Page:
The Pessimist’s Take – Running Back Depth
For a team facing so much adversity in the past season and heading into the next with a litany of questions to address, it’s natural to consider the issues and how they can either go right or wrong, as well as how they will affect the broader dynamics and future success of the team, both heading into this season and into the future.
Though not statistically true, it is technically true that every team enters the offseason with the potential to finish the year as the league champion or as the first team on the clock in the next draft.
Some teams have a wider realistic range than others, and I think the Pittsburgh Steelers are one of those teams. Think of them as Schrödinger’s franchise; in February, they are both future champions and future owners of the top draft pick.
In order to gain a better feel for not only the issues facing the team this year, but how those issues might play out, it’s useful to take the devil’s advocate approach. This is the pessimistic side of the coin.
Question: Where will the running back depth come from in 2014, and what will it offer?
With Le’Veon Bell currently the only running back of note under contract, the Steelers have some work to do in order to put together a respectable stable of running backs if they hope to insulate themselves from injury.
Those other running backs under contract include Alvester Alexander, Miguel Maysonet, and Tauren Poole, all former undrafted free agents, all lacking experience of any kind. It’s doubtful the team will be able to count on getting anything from them.
So where will the rest of the running backs come from? Isaac Redman was cut in order to make room for an extra linebacker, which suggests that his time has run out with the Steelers, and perhaps with the rest of the league.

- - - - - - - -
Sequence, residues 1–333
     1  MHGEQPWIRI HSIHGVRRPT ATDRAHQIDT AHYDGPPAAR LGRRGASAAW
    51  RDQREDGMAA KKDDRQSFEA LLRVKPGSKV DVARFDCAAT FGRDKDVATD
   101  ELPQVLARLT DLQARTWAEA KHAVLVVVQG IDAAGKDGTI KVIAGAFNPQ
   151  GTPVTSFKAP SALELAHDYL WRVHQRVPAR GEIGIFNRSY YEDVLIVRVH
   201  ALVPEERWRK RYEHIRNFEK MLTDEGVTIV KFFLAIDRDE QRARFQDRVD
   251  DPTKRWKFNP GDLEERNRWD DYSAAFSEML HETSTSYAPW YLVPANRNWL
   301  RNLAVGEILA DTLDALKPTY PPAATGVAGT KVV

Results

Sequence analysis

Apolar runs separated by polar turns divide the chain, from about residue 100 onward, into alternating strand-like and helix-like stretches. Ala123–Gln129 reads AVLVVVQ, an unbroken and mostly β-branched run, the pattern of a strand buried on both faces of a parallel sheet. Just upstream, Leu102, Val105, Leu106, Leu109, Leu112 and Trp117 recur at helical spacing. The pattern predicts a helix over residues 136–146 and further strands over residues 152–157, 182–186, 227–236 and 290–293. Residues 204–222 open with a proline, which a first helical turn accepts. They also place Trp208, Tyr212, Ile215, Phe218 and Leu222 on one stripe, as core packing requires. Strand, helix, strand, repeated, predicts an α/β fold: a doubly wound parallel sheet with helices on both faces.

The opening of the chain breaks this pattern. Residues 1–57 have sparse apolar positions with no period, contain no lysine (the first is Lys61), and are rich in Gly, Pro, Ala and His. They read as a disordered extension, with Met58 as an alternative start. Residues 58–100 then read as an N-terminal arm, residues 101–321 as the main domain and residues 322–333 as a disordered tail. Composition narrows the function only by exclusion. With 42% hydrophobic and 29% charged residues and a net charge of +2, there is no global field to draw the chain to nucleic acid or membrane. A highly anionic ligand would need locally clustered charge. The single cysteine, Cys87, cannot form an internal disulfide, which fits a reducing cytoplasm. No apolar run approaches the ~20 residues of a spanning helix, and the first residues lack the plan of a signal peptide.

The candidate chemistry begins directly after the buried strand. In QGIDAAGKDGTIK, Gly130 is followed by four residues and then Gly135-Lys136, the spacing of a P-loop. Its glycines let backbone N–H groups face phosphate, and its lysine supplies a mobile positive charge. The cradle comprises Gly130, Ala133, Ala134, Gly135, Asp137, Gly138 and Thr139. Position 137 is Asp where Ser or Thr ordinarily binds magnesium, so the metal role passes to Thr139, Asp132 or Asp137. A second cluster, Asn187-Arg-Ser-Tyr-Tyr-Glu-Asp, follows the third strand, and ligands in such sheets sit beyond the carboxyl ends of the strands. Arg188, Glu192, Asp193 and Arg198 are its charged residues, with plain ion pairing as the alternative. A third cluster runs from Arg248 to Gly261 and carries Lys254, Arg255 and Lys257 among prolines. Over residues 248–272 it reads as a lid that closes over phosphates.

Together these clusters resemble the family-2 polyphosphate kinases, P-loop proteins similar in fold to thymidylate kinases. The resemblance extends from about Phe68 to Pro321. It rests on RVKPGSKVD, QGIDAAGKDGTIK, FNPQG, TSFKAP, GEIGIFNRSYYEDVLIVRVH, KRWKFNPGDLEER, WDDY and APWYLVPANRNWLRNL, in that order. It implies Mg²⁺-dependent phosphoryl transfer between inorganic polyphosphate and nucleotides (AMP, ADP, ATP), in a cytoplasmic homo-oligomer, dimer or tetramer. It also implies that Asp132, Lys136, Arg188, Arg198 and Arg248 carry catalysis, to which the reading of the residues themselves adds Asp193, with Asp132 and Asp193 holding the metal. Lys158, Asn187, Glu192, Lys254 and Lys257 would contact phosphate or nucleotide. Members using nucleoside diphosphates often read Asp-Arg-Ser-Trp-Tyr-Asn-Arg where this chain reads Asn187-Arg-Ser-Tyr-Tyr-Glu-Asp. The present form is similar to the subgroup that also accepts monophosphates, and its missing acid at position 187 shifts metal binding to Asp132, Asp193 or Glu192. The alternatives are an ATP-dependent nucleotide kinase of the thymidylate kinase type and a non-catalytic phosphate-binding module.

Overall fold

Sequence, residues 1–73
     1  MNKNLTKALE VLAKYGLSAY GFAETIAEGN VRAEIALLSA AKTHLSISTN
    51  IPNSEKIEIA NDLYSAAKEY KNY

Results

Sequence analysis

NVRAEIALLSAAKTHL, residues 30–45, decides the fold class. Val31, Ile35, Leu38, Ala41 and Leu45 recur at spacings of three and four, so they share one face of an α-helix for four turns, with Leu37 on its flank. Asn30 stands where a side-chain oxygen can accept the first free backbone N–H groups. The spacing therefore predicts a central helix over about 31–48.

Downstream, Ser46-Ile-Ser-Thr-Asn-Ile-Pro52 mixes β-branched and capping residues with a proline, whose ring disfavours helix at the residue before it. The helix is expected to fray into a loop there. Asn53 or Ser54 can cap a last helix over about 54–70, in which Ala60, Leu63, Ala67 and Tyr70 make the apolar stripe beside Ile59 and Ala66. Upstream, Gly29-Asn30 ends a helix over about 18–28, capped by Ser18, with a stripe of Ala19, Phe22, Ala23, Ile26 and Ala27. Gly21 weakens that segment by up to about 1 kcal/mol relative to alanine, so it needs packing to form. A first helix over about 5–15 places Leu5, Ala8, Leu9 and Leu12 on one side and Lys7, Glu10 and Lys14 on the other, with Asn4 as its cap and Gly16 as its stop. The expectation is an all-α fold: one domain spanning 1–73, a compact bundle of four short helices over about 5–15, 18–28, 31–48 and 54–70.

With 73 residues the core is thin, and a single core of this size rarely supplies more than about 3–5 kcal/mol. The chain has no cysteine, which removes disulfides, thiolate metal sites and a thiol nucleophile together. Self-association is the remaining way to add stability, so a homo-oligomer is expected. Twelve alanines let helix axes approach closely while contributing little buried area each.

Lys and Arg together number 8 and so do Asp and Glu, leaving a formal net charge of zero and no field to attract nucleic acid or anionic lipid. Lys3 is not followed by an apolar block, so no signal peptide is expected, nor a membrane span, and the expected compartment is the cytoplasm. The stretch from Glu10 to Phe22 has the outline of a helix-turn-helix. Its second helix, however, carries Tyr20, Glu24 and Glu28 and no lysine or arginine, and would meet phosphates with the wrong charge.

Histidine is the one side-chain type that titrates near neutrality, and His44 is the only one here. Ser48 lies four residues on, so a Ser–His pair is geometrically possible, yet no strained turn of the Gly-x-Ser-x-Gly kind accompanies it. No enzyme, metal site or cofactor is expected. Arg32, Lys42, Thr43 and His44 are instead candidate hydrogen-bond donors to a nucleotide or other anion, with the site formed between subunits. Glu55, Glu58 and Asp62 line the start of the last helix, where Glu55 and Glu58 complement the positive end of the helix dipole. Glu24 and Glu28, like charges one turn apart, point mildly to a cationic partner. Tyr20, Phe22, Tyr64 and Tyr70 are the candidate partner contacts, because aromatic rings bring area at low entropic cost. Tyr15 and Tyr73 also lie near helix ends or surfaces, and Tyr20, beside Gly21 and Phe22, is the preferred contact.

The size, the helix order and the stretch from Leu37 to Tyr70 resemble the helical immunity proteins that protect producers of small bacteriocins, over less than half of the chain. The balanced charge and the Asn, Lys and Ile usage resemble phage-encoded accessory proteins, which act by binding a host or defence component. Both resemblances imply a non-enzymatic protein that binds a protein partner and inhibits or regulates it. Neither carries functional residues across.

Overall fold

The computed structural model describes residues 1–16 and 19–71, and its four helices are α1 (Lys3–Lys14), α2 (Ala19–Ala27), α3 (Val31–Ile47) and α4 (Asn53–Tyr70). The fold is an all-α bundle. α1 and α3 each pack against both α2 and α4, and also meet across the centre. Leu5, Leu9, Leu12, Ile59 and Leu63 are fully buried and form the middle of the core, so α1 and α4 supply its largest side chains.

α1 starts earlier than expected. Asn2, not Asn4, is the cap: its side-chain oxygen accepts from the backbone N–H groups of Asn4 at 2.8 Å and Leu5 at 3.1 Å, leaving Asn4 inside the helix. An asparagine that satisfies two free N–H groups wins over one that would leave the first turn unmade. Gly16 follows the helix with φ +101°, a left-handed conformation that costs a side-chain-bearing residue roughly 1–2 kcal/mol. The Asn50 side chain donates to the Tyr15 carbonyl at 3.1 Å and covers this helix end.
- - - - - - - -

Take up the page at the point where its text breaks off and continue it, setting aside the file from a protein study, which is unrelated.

Jonathan Dwyer would be a natural re-signing, but he’s certainly not a back without warts. While his pass protection has gradually improved since his rookie season, his receiving ability leaves much to be desired.
When it comes to having the ball in his hands, he can struggle to make his own holes when necessary, and doesn’t have the speed to get to the edge or break away for big gains often. At this point, he seems to have settled on the fact that he is a complementary back, even if he did have back-to-back 100-yard performances in 2012.
Behind him would likely be LaRod Stephens-Howling, according to Jim Wexell, who wrote that the organization seems to favor bringing him back more than the media covering the team.
The issue with Stephens-Howling, of course, is the fact that he’s coming off an ACL tear, and given that he’s a miniscule back that relies on his speed and quickness to remain effective, that could be a critical difference in his game, even if he only loses a step in his speed.
Felix Jones generally performed adequately, but not much beyond that, and there doesn’t seem to be much incentive to bring him back for a second year. This leads me to believe that the Steelers may resort to targeting a back in the draft.
While there are some notable free agent names available, there may not be one that comes with much cost efficiency, and while the Steelers have gotten some help with a higher than expected salary cap, they still must be frugal, especially when we’re talking about exclusively a backup.